Very seldom do legislative bills or amendments to acts enter the mainstream conversation. Bill C-16 is one such bill that has successfully entered the realm of public discourse, and this has also led to a great political division. Now, it is not our place to make political commentary; we’re simply here to educate you about the nature of the bill, its implications, and the legalities that surround it. What is Bill C-16? And, why is it such a hot-button topic? Since not everyone is familiar with the bill, allow us to present you with our two-part series explaining the bill and its properties.
What is Bill C-16?
According to gender theorists, gender identity is intrinsic to each individual and a result of one’s own personal experience. To summarise this – your gender identity can differ from the sex you were assigned at birth, just as easily as it may correlate with it. This identity can be independent of the gender binary (male and female) and be applicable to transgender, genderqueer, gender-fluid, and non-binary.
Centred on gender expression and gender identity, the Trudeau Government expanded the Canadian Human Rights Act and the Criminal Code to protect diverse gender identities and gender expressions from any possible discrimination that they might otherwise suffer.
Amendments to the Human Rights Act
In addition to gender, religion, ethnicity, race, colour, etc. gender identity and expression are now protected against undue discrimination. It is, therefore, illegal to deny general services (such as employment, services, accommodation) to an individual on the grounds of their gender expression or gender identity. Those who deny any applicable benefits to an individual on the grounds of their gender identity or gender expression can also be obligated to pay a monetary compensation on those very grounds.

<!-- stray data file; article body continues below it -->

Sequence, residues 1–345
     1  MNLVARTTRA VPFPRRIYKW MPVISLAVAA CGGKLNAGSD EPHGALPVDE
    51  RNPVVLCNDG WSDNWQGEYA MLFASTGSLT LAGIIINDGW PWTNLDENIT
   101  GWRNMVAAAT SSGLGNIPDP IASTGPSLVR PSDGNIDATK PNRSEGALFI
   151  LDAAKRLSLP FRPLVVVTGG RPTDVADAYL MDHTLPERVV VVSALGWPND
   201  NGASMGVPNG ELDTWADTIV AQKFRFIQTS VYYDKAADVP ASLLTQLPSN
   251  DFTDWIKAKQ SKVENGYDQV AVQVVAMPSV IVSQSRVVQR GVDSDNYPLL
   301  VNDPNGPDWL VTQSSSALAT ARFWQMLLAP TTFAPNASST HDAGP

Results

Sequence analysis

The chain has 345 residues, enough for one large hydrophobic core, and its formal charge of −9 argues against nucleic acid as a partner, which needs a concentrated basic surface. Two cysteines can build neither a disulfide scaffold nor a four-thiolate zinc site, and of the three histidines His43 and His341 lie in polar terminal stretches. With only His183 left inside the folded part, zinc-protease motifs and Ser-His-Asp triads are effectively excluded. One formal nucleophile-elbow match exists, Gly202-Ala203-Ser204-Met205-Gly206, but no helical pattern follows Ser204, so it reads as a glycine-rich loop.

Amendments to the Criminal Code
The expansion to the Canadian Criminal Code led to the addition of gender expression and gender identity as a basis for group identity or an “identifiable group” to quote from the amendment itself. According to sections 318 and 319, it is a criminal offence to endorse genocide, and hatred against the members of a certified protected group. With the addition of gender expression and gender identity to such identifiable groups, it is, therefore, a criminal offence to induce hatred or call out genocide against individuals with distinct gender expressions or gender identities.
While we answered the question “what is Bill C-16?” with basic information about the bill and the amendments it led to, there’s a high likelihood that you still don’t understand the reason for political conflict that the bill led to. To understand more about the controversy that surrounds compelled speech, read the article that follows this one. For further elaboration of the bill and your rights as a citizen or as a member of the above-mentioned identifiable group, contact us at Prowse Chowne.